Author and teacher Jennifer Sears attended a Queens College symposium on Wednesday, March 28, 2012 entitled “Celebrating the Literature of the Middle East.” She shares her impressions in two separate posts. This is the first.
Elias Khoury, Sinan Antoon, and Ammiel Alcalay were among writers who gathered at Queens College to discuss the process and political implications of writing and translating Arabic literature. Among topics discussed were political concerns regarding publishing and promotion; technical concerns such as the effect of translation on a writer’s own work and, in Khoury’s address, the challenges of writing during wartime, having fun, and the discipline of translation. This was in addition to the challenges particular to the many dialects and forms of the Arabic language.
The following notes from the panels are presented in the order of the program, which was sponsored by the MFA Program in Creative Writing and Literary Translation at Queens College, Archipelago Books, and the Middle East and Middle Eastern American Center at the CUNY Graduate Center.
With Jill Schoolman (Archipelago Books) and Edwin Frank (New York Review Books Classics); moderator Susan Bernofsky
An afternoon session with editors Jill Schoolman of Archipelago Books and Edwin Frank of New York Review of Books Classics considered the editorial process of translation. As many student translators attended, questions centered on the technical aspects of editing. Asked whether translators who are established writers are preferred over translators who are not writers, both Schoolman and Frank agreed that writers do not always make the best translators. As would be echoed in subsequent panels, translating and writing are different practices. Like writers, they said, literary translators have to know their own capabilities. Frank emphasized that, like writers, translators must be willing to step back from their work to review and revise.
Good translators also must have the experience of “living” with the language they are translating. Most languages have colloquial and formal speech patterns. Extreme differences between fus-ha and amaiyaa and the regional dialects of Arabic were emphasized by Schoolman and audience participants, in addition in addition to variants of French.
When asked which recent projects have been most personally fulfilling, Schoolman identified translations of Mahmoud Darwish and Elias Khoury. Edwin Frank mentioned Eileen Chang, stating that he didn’t know Chang existed until NYRB enabled her work to be translated into English. Discovering this writer who was previously unknown here, he said, emphasizes why translators and the publication of translations are so vital.
When asked how they felt about the career opportunities for editing translations, both Frank and Schoolman laughed. Though they are clearly committed, in some ways it is an “impractical career.” Reflecting on circumstances that led to their current positions, Frank remarked that he was fortunate to be connected at the right time with an organization interested the venture. Schoolman, daringly, followed her vision and created her own Archipelago Books, a rising presence in the market.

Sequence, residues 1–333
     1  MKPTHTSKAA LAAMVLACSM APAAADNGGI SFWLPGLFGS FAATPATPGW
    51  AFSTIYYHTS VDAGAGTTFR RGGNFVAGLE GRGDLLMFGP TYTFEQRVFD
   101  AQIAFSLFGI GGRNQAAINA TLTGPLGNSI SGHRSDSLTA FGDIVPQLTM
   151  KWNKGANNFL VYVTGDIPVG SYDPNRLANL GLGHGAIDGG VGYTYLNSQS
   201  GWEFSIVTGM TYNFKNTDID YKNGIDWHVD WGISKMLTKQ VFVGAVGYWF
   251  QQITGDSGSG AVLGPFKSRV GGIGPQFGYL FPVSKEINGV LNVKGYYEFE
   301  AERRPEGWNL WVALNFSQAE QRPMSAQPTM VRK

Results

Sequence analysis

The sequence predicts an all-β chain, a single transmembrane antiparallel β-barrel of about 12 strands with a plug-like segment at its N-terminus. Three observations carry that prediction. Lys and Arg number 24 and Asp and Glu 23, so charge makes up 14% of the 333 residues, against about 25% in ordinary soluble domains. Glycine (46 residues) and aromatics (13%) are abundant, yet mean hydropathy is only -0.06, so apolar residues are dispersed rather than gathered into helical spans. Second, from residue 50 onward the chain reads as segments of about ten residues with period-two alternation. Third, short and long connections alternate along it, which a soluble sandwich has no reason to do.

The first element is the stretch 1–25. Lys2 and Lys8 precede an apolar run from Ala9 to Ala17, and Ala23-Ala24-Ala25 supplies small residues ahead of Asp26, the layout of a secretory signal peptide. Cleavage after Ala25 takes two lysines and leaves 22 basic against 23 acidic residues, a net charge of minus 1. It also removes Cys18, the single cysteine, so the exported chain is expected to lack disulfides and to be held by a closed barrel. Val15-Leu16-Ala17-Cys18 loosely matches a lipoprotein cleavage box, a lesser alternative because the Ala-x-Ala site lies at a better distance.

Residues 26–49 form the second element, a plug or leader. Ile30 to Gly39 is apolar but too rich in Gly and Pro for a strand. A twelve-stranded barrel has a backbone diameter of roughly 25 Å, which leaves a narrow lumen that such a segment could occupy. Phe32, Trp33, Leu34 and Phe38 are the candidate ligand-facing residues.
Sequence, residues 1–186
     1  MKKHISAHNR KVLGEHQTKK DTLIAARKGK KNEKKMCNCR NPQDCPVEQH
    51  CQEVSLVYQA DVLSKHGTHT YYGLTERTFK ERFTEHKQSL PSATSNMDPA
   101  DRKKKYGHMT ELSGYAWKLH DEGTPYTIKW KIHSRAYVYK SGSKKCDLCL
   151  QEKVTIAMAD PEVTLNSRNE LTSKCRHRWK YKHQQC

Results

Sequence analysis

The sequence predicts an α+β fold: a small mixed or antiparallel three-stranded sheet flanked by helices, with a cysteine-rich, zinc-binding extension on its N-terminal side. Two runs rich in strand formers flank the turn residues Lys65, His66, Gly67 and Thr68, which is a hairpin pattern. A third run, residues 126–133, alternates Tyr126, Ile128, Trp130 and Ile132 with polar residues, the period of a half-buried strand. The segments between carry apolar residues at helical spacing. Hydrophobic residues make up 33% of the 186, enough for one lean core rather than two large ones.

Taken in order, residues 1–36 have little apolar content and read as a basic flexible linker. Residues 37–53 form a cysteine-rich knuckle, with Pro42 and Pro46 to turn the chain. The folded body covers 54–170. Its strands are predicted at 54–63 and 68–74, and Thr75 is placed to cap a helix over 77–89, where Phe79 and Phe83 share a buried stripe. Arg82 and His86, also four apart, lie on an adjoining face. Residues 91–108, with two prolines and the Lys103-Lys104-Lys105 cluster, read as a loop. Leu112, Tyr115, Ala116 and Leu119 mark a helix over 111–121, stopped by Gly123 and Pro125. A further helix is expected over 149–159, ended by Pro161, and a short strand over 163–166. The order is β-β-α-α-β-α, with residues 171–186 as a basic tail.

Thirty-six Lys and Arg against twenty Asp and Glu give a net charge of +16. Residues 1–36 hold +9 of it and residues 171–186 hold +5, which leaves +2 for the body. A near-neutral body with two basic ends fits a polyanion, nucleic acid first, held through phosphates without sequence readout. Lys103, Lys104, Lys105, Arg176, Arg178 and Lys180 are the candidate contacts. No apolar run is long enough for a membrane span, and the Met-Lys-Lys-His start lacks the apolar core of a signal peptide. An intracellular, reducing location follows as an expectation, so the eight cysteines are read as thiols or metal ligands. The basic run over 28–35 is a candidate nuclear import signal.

The Politics of Translation: On Navigating Cultural (Mis)Understandings
With Aron Aji (Turkish); Sara Khalili (Persian); Barbara Harshav (Hebrew); moderated by Roger Sedarat
For Aron Aji every word in Turkish exists inside an “echo chamber.” Turkish language, he said, is naturally metaphoric and he finds the language difficult to translate without the equivalent sonority in English. When he translates from Turkish to English, a book grows by twenty percent. Sara Khalili said translations from Farsi are the opposite. Because Farsi language is more precise, a three word phrase in Farsi becomes five sentences in English. Barbara Harshav stressed the challenge of Hebrew because it is a conglomeration of languages.
After a brief discussion of footnotes, beard stubble, book cover art, and the complications of translating the small but necessary details of everyday life, Aji stated that he feels cultural misunderstandings often take place not because the translator is uninformed, but rather because the receiver of the work is uninformed. Harshav also claimed that translators, don’t push the boundaries of language enough. She can tell when a translator is having fun. Harshav also stated that teachers should take responsibility to widen the audience for translated works and more connection needs to be made across the curriculum, such as translation in the sciences.
The Writer as Translator: Multilingual Writer/Translators on Cross-Pollinations in their Work
With Sinan Antoon (Arabic); Murat Nemet-Nejat (Turkish) and Ammiel Alcalay (Bosnian and Hebrew); moderated by Susan Bernofsky
Susan Bernofsky opened this panel by asking each writer to read a work of his own and a translation. Sinan Antoon read from his “Postcards from the Underworld” after commenting that the ninth anniversary of the US invasion of Iraq and its program of “shock and awe” in early March passed largely unnoticed by the American media. Continuing his reflection on this obvious omission, he followed with a section from Mahmoud Darwish’s In The Presence of Absence: “Longing is a scar inside the heart and a country’s fingerprint on the body.” Murat Nemet-Nejat read from his recent translation of Turkish poet Seyhan Erözçelik’s Rosestrikes and Coffee Grinds and a section from his anthology “Eda: An Anthology of Contemporary Turkish Poetry.”
After the readings, Bernofsky asked the writers which language they use to compose their own work. Nemet-Nejat, who composes in English, explained that he came to writing poetry through translation. He became a translator while experiencing his first New England winter in the United States. Lonely and cold, he turned to Turkish poetry and then translation when he wanted to share the Turkish poetry with his friends. People frequently question Nemet-Nejat why he doesn’t write his own work in Turkish. In English, he believes, he knows “the weight” of every word. In Turkish, he doesn’t know or is overwhelmed by the weight of each word.